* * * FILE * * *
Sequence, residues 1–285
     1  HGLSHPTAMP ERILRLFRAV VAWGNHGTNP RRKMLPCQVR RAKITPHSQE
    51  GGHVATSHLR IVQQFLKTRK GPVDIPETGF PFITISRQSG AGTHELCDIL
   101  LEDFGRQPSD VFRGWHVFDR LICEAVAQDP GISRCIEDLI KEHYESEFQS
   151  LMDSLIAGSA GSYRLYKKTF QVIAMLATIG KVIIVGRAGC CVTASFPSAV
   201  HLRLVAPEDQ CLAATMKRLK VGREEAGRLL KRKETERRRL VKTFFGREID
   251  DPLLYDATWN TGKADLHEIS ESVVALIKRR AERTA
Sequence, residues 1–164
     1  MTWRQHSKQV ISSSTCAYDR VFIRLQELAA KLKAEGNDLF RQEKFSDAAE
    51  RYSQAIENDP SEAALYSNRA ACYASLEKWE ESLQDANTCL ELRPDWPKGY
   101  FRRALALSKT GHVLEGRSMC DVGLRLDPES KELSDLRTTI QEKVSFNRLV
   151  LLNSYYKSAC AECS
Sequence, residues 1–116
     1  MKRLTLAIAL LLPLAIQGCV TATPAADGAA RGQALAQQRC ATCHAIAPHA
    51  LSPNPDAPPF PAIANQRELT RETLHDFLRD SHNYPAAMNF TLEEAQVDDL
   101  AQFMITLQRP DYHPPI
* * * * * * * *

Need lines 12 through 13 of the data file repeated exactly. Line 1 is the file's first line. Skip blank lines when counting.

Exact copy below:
   151  LLNSYYKSAC AECS
Sequence, residues 1–116